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Letters from America
Charlotte, North Carolina's South End Neighborhood Is America's Itaewon
By Greg Evans
Special Correspondent
Charlotte, North Carolina's South End Neighborhood in the Uited States
If you venture over to Charlotte’s South End of historic streets, celebrity sightings, and quaint townhouses, you might be intrigued. Upon wandering along the manicured tree-lined streets to hear the thumping of the backbeat of today’s youth culture, Blackpink, Seo Taiji and Boys or BTS. Kids and adults dressed in Chimmy or NCT merch, EXO earmuffs, Super Junior sweats and t-shirts, and even sporting Koya phone protectors. Where are we, Itaewon? Not quite; we are about 7,097 miles or 11,421.51 kilometers to the west. But it might be difficult to tell the difference.

Turn a few corners and come upon an eatery with a line out the door. It stretches down the street, wrapping around the block. The restaurant, Seoul Food Meat Company, and the eatery beside it Let’s Meat, both Korean BBQ style joints with K-Pop blaring, neon lights, Soju being served by the pitcher and young hipsters and high rollers, filling their bellies with Yukgaejang, Bibimbap, Bulgogi, Kimchi, Korean Fried Chicken and more. The atmosphere is electric, the area is chic and popular, with fancy cars and uber-trendy clothes.

You feel as if you stepped out of your door and onto the streets of the Itaewon neighborhood, the world’s newest cool. Peer into one of the million-dollar townhouses and expect to see, on one of the LG - 75” Class NanoCell 80 Series LED 4K UHD smart webOS TV screens an episode of Run On. Or maybe Lovestruck in the City starring Kim Ji-won and Ji Chang-wook, Private Lives, or one of the other ultra-popular Korean dramas that leave the American girls drenched in tears. There hasn’t been a movement like this since the Beatles got bowl cuts.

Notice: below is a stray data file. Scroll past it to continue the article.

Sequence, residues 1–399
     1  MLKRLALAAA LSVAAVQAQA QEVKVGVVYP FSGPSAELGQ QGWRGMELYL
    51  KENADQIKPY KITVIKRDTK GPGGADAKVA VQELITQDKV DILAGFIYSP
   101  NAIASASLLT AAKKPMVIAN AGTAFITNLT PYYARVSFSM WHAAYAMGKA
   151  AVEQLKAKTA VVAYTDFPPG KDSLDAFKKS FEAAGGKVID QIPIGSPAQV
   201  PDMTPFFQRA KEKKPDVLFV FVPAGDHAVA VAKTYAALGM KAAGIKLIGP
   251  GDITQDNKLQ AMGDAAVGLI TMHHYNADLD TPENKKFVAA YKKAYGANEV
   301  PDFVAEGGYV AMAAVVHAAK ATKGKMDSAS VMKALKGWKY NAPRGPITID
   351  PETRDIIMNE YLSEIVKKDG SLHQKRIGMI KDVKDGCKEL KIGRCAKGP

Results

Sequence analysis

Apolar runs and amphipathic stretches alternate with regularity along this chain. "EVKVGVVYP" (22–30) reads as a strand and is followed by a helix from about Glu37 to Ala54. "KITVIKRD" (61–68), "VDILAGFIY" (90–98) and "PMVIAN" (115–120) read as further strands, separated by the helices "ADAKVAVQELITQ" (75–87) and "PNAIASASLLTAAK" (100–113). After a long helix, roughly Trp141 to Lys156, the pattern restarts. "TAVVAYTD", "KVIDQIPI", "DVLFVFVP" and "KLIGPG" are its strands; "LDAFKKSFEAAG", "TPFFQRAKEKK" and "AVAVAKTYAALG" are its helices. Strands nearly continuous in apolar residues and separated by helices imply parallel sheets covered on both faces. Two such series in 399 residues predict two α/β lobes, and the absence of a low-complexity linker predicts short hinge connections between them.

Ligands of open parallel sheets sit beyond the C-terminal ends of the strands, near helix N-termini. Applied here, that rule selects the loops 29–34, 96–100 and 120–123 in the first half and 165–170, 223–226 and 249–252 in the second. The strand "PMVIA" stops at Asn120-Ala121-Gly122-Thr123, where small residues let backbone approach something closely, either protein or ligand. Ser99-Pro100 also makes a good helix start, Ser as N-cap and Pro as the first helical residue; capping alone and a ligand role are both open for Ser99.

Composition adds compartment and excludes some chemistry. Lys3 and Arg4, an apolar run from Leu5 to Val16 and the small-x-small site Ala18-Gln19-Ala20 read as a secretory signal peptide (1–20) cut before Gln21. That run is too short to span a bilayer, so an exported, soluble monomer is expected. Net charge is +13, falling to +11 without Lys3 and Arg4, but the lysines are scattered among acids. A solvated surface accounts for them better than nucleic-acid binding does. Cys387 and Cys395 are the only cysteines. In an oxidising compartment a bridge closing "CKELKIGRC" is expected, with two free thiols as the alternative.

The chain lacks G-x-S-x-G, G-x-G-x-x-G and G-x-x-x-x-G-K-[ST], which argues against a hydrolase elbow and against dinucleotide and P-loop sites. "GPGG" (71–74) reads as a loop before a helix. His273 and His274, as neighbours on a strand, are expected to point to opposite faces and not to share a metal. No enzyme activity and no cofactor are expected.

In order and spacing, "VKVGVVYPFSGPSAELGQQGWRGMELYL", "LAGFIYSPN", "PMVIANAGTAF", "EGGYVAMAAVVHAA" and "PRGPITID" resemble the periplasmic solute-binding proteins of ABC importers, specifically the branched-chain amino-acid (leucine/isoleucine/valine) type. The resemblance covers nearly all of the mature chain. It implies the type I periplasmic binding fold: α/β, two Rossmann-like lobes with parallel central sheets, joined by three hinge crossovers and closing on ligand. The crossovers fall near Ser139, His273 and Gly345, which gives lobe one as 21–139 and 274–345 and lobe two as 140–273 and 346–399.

But it’s not just the girls that are intrigued; Seoul Food is my favorite restaurant. The Bulgogi Kim Bap is my favorite dish washed down with Lemon Soju. It is an out-of-body experience, and they even have a dog park so we can bring our rambunctious mutts to get filthy and chase each other around. A few times, I was sure I bumped into Bae Suzy, Song Hye-kyo, Park Shin-hye, and Lee Min-ho.

As you drive through the glitz and glamour, the night comes alive with the thumping of dance halls and nightclubs, glittering lights, street markets here and there, and young people on every corner. It is where the young can be found, like glittering vampires, after the sun disappears behind the shimmering buildings of uptown.

There are layers of makeup, hair every color on the spectrum, dripping in jewelry, some in costume, others in Bvlgari, Wings of Rome, or Harry Winston’s Winter Wonderland, they move about, seemingly in rhythm with the K-pop echoing through the charming streets.

Anything Korean in Charlotte is the place to be. It is emo, dynamic, and influencing an entire generation. Wake up in Charlotte, or maybe it is Itaewon. The only way you might be able to tell the difference is the weather.

Greg Evans
Associate Director of Communications
King University
1350 King College Road
Bristol, TN 37620
Gaevans1@king.edu
Cell: (615) 785-4321



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Greg Evans, associate director of communications of King University in Bristol TN, in the US, serves as a special correspondent for The Seoul Times. The seasoned journalist has been writing for such papers as the Mooresville Tribune, Lake Norman Citizen, the Bristol Herald Courier, and the Sentinel-Progress (Easley, SC). He can be reached at gaevans1@king.edu

 

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